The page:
Culture or Science to Prevent Disaster?

As we enter the sixth week of oil gushing unfettered into the Gulf of Mexico, some scientists and sociologists are asking how we (BP executives and Minerals Management Services employees who ignored safety warnings and consumers of petroleum alike) allowed this disaster to happen in the first place. Surely all of us, some more explicitly than others, anticipated the dangers of drilling at such unprecedented depths. And because of our addiction to gas-powered vehicles and petroleum-based products, all of us have contributed in our own ways to the series of events leading to the now unstoppable plume of oil. If we have the technological capability to drill 32,000 feet into the ocean floor, why are we not directing that capability full force toward the development of cleaner, less risky energy sources?

Research out of the University of Alberta attempts to answer this question. In his "System Failure: Oil, Futurity and the Anticipation of Disaster," author Imre Szeman found that consumption behaviors and views toward oil exploration generally do not change, even when people are confronted with sound scientific evidence linking disastrous environmental affects to fossil fuels.

Szeman breaks this disconnect down to three common rationalizations: 1) the idea that oil exploration equals economic security, and therefore is worth the risk; 2) the "eco-apocalypse" idea that freezes people's actions with its enormity; and 3) the phenomenon of what Szeman calls "technical utopianism," a blind faith that no matter what happens, improved future technologies will sweep in to clean up any messes we make.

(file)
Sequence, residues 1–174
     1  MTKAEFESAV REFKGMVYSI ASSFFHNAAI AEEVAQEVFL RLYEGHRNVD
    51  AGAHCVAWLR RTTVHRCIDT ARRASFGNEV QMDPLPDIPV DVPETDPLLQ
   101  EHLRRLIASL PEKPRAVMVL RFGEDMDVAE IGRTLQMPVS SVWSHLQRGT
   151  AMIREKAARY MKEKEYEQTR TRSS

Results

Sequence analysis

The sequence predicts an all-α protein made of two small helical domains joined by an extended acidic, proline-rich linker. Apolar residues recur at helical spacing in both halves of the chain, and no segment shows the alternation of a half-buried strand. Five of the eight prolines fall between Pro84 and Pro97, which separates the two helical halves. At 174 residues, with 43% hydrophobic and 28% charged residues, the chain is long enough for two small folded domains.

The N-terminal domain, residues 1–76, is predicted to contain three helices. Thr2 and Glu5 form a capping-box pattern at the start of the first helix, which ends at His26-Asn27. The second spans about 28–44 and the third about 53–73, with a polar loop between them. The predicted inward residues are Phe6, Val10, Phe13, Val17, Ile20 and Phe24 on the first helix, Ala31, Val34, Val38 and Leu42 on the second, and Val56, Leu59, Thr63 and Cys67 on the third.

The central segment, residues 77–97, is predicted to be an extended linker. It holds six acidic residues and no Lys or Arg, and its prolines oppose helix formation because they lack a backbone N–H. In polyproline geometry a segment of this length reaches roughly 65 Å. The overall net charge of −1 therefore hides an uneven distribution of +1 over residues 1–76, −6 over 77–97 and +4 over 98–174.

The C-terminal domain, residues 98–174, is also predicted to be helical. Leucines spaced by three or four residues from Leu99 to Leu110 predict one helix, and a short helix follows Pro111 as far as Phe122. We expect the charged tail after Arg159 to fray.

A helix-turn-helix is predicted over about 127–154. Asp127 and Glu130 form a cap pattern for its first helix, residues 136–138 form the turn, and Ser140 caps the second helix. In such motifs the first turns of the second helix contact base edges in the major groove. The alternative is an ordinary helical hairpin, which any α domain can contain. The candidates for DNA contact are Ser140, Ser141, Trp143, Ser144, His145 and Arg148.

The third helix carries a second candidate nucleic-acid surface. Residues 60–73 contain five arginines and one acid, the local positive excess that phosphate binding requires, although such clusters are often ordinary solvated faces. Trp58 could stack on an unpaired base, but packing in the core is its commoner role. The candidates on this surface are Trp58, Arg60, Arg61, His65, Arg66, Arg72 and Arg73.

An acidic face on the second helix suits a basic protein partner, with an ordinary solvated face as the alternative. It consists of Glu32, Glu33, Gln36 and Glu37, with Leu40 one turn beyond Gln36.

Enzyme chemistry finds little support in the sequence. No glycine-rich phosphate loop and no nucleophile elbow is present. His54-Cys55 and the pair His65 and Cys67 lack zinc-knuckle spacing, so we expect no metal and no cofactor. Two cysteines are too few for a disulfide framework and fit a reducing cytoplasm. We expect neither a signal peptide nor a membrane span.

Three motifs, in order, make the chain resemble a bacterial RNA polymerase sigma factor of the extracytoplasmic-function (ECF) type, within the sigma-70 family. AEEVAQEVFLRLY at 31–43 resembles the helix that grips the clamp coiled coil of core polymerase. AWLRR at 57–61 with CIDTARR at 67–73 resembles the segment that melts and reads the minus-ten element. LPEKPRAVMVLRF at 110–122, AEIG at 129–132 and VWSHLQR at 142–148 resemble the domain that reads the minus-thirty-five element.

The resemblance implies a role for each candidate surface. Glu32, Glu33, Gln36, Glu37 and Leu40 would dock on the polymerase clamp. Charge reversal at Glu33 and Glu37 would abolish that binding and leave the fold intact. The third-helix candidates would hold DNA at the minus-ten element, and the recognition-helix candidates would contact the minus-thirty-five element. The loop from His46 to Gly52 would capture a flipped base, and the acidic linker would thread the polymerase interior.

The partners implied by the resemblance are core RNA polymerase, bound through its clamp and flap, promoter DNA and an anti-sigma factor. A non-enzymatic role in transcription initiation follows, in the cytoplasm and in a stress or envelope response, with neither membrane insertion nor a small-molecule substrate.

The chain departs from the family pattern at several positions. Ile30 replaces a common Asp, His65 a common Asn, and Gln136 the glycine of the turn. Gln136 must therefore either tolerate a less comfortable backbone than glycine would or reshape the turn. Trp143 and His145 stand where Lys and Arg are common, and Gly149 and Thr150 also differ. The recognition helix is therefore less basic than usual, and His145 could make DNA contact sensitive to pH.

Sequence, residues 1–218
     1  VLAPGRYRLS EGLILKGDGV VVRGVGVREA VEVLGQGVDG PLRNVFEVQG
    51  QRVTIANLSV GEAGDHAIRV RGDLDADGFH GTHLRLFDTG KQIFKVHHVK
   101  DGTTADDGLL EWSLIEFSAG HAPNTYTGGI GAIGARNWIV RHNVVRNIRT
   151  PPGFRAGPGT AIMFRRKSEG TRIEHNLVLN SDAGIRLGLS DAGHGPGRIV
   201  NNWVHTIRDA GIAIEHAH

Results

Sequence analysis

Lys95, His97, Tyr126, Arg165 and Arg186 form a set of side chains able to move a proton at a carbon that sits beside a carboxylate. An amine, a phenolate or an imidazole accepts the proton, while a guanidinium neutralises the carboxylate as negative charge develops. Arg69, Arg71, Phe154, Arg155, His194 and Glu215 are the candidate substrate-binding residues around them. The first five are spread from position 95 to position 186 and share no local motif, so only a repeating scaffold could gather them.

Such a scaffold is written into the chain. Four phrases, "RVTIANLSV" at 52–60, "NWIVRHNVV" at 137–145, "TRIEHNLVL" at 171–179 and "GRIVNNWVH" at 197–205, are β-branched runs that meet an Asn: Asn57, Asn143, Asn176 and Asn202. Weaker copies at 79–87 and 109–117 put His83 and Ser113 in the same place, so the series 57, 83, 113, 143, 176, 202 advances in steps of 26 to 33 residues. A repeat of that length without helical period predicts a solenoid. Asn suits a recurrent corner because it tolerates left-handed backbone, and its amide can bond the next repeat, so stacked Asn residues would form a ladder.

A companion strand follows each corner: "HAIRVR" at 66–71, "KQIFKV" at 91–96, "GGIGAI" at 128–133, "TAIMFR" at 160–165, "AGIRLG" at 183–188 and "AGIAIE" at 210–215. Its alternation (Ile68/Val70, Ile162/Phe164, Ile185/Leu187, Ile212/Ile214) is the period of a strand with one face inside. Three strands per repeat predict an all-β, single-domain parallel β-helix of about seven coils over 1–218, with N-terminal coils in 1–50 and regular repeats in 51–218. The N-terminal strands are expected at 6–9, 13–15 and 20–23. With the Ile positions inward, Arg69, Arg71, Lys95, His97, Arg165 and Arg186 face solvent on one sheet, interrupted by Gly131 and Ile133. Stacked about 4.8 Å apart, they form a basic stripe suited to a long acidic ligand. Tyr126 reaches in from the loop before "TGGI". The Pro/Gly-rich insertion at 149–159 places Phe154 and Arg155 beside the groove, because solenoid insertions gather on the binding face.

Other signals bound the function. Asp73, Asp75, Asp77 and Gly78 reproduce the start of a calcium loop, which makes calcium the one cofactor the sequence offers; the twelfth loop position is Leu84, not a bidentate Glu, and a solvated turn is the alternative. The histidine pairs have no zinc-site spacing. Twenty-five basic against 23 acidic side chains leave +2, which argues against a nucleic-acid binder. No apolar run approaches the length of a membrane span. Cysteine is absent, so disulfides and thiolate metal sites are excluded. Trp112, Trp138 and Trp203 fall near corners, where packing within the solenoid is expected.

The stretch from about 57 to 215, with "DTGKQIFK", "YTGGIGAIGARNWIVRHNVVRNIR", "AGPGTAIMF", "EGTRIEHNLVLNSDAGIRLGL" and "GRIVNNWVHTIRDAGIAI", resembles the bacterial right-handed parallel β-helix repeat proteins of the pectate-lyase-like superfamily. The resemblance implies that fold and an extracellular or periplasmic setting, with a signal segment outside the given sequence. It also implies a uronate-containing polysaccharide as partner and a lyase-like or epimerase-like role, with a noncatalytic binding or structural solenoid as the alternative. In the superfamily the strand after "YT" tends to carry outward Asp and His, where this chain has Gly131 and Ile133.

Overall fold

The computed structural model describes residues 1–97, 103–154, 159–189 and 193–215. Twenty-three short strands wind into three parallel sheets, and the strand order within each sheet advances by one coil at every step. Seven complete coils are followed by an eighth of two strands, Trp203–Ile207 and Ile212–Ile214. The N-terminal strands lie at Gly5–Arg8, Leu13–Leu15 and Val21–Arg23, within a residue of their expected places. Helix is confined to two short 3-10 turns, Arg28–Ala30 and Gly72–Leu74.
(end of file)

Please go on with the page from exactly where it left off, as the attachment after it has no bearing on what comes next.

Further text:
Szeman concludes that shifts in behaviors concerning the health of the planet must be addressed anew, and not by piling on more science. Environmental stewardship is now a cultural and sociological issue, Szeman believes, and will not be improved on a large scale until it is addressed as such.

An article in last Sunday's New York Times touches on the third point of Szeman's triangle of environmental disconnect: technical utopianism. Elisabeth Rosenthal's "Our Fix-It Faith and the Oil Spill" addresses this problem, and ends with a quote from the physicist/philosopher Richard Feynman: "For a successful technology, reality must take precedence over public relations, for nature cannot be fooled."